Thursday, September 15, 2016

Grand Canyon 2016 - Part 6

Thursday, September 15, 2016

After lunch Wednesday, I started to feel the pressure of time. With the option of delivering finished paintings Thursday afternoon and the deadline of Friday afternoon, I needed to make any final adjustments and start framing. I drove off to a quiet, shady spot on the Hermit Road where the shuttles don’t stop and set up shop. I was happy to see that none of the paintings needed much, and a few needed nothing.

My outdoor studio

Afterward, I decided I’d like to have one more 12x24 in inventory. (I suppose given enough resources, I always would want to paint “just one more.”) I hadn’t been to Yaki Point in the afternoon light, so I drove over to see what it could offer. Although the cold front had blown through overnight, the wind was having a hard time leaving. As much as I liked the views on the west side of the point, the wind pushed me to the east side. There I found a stunning scene that would give the viewer a real sense of the Canyon’s depth. It was about 2:30, and the shadows cast a pattern that I liked. Knowing that they wouldn’t stay that way long, I made the commitment to not rush but to paint the scene over two days.

Half-way done.  Other half will be done in a second session.

As I expected, I got the painting only blocked-in before the shadows had changed so much that there was no point continuing. Memory would take me just so far, and I really wanted to be true to my reference and not invent anything. The first-timer may may think the Canyon’s little towers, valleys and temples all look the same, but to the old-timer, each view is unique and recognizable. I want some old mule-rider to say, “Yup, I know that place.”

Bill Cramer at work

After packing up, I took a hike around the Point. I wasn’t quite ready to go back home yet. Maybe I was looking for the company of other painters. Plein air painting during a festival is, most times, a solitary sport. Each painter tends to have his own idea of what to paint and where and when. I don’t really run into many painters out here. This day, George and Marcia Molnar happened upon me while I was adjusting paintings, and again at Yaki Point. But of course, we were all busy painting. After my 12x24, I wandered back up the Hermit Road and found two more. Bill Cramer and Michelle Condrat were painting the vista as the sun set and the moon rose. I didn’t have time to set up and start, since nightfall was imminent; instead, I sat and chatted and then ran interference for them when a tour bus pulled up. The tourists were from Missouri and were only going to be at the Canyon for three hours and were already heading home.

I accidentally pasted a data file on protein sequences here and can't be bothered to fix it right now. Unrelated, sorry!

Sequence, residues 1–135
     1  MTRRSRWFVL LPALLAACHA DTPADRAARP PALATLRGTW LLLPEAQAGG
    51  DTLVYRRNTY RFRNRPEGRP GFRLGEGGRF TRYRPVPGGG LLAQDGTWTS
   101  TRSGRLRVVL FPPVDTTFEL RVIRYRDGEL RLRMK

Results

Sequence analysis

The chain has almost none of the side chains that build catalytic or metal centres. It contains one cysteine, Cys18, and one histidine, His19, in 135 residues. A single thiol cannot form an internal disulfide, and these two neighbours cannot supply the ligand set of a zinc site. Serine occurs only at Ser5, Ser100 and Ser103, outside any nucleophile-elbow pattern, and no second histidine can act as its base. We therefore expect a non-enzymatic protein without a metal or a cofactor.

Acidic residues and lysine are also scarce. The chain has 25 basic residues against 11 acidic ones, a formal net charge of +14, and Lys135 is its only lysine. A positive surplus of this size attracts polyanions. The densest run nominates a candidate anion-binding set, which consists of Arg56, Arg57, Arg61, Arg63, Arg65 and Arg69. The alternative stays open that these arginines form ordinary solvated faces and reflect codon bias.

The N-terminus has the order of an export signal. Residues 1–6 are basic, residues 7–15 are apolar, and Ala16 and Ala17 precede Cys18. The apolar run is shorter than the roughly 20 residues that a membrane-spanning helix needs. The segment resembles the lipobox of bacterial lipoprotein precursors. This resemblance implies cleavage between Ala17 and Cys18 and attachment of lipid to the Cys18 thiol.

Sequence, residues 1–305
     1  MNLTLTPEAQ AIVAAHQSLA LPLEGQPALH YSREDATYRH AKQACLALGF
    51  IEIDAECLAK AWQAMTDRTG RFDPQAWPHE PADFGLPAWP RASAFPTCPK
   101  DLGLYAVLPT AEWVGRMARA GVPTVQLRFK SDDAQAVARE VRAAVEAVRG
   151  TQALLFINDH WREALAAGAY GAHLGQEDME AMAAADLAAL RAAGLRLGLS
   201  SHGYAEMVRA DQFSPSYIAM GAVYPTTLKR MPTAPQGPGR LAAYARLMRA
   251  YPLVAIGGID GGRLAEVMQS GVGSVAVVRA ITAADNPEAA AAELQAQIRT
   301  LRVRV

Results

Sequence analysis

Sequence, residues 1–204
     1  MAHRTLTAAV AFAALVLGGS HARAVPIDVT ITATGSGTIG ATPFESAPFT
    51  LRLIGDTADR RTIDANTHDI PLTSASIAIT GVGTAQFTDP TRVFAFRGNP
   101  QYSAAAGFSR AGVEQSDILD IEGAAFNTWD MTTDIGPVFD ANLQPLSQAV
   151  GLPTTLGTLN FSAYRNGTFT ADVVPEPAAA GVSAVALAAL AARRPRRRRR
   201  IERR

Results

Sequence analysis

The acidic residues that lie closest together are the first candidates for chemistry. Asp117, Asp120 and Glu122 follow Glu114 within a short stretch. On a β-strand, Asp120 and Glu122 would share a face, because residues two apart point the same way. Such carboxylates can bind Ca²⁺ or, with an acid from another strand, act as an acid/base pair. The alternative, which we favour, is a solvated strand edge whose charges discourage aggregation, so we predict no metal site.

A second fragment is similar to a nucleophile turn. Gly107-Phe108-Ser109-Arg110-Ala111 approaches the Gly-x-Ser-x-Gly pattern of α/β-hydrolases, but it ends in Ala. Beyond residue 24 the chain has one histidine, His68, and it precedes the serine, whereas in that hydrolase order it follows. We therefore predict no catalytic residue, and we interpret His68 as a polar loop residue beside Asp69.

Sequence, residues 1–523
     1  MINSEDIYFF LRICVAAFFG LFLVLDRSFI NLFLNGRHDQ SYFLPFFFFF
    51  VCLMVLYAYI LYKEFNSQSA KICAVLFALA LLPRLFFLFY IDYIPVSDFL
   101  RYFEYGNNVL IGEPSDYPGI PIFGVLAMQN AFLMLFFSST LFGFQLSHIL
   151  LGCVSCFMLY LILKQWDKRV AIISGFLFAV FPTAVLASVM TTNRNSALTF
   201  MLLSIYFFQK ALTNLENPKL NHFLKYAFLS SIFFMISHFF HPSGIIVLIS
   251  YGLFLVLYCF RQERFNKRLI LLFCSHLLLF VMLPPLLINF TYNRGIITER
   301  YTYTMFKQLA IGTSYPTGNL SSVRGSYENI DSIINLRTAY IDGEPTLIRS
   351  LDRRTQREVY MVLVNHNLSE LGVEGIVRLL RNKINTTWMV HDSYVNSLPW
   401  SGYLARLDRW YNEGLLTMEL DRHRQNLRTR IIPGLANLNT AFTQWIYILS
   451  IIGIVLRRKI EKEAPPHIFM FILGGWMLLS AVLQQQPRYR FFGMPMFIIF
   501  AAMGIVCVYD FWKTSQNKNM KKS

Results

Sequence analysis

I decided to head home, too, and start the paperwork for my inventory.

Thursday morning, I wanted to get one little painting in before starting the task of framing. I went over to Yavapai Point - always a good spot for sunrise or sunset - and did a 6x8 study of an outcrop. After that, it was back home to frame.

I was lucky to have a nice, shaded porch with a big table to work on. I got out all my frames and framing equipment, all my paintings, and got to work. There’s really not much to say about framing, except that it is a process: photograph the unframed painting, spray with retouch varnish, put it in a frame and photograph it in the frame; fill out paperwork with inventory number, title, price, size, etc., and write the same on the back of the painting with indelible ink; make sure to record the same information on a piece of paper that will stay in my possession, along with the image number(s) from the camera; and finally, stick the painting in a box and add it to the stack. Yes, it’s a lot of things to do, and you have to keep your head on straight. What makes it easier is to have pre-wired the frames before the event. What always makes it hard is thinking up titles. “Canyon Light” -- yawn.

After that, I loaded up the van and drove over to the Kolb Studio to deliver the paintings. And this was all before lunch.

I will write a separate blog post on the paintings themselves; it’ll be sparse on text and heavy on images.

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